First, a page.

Prince Harry, who is currently sixth in the line of succession following his nephews and niece, also attended Eton College and trained at the Royal Military Academy Sandhurst.

He served in the British Army and was deployed twice to Afghanistan. He left his military duties in 2015.

Prince Harry, Duke of Sussex during a visit to Sheffield Hallam University on July 25, 2019 | Photo: GettyImages


Prince Harry married former American actress Meghan Markle in May 2018, and they were given the titles of Duke and Duchess of Sussex.

Their son Archie Mountbatten-Windsor was born on 6 May 2019, and he is seventh in line to the throne.

Prince Harry, Meghan Markle and their baby son Archie at the Desmond & Leah Tutu Legacy Foundation during their royal tour of South Africa on September 25, 2019 | Photo: GettyImages



Many have wondered what will happen to the Royal family once the Queen dies, and Prince Charles’s reign begins. As a way to dig deeper into the topic, AmoMama exclusively contacted Royal family expert Yehor Brailian.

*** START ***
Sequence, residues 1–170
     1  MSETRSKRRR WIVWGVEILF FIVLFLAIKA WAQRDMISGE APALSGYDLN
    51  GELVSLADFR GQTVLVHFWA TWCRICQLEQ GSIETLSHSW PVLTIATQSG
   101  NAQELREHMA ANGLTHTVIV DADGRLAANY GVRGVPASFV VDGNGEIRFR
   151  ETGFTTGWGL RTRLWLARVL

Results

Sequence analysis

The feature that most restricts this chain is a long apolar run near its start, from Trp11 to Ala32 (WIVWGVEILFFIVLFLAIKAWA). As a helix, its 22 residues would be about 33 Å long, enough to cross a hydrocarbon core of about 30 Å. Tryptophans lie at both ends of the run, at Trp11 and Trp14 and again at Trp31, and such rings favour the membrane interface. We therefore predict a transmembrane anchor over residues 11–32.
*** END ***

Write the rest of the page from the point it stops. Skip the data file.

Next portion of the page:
Royal family expert Egor Brailian


Brailian, who is the editor of the Toynbee Prize Foundation blog, pointed out: "For starters, the Queen and the royal family are deeply tied to Britain’s national identity, and most people are fond of the royals and what they represent.

However, some people have speculated that Prince Charles could change the public’s perception of the royal family forever if he decides to politicize the monarchy, although it is an unlikely possibility.

Prince William and Prince Harry, on the other hand, have been creating an image of what the new, modern royalty looks like in times of social media and so much scrutiny from the press.


They both have been vocal on many issues royals wouldn't speak of in the past, and the fact that they married women who weren’t nobles, shows how much more open-minded they are.

Queen Elizabeth II and Prince Charles, Prince of Wales during the State Opening of Parliament at the Palace of Westminster on October 14, 2019 | Photo: GettyImages


The Queen has a clean slate thanks to her uncontroversial life. She never gives interviews and reinforces Britain’s Christian values with her pronouncements.

Prince Charles, on the other hand, is more opinionated, and it’s unlikely for William to accept a life where he has to bite his tongue.

The Royal Family watch the flypast on the balcony of Buckingham Palace during Trooping The Colour on June 9, 2018 | Photo: GettyImages

While countless possibilities could take place in the transition, the fact that the house of Windsor has ruled for more than a century already seems to be proof of how the country’s traditions will remain in place for many more years to come.

The dynasty doesn’t seem to be in danger, at least for now".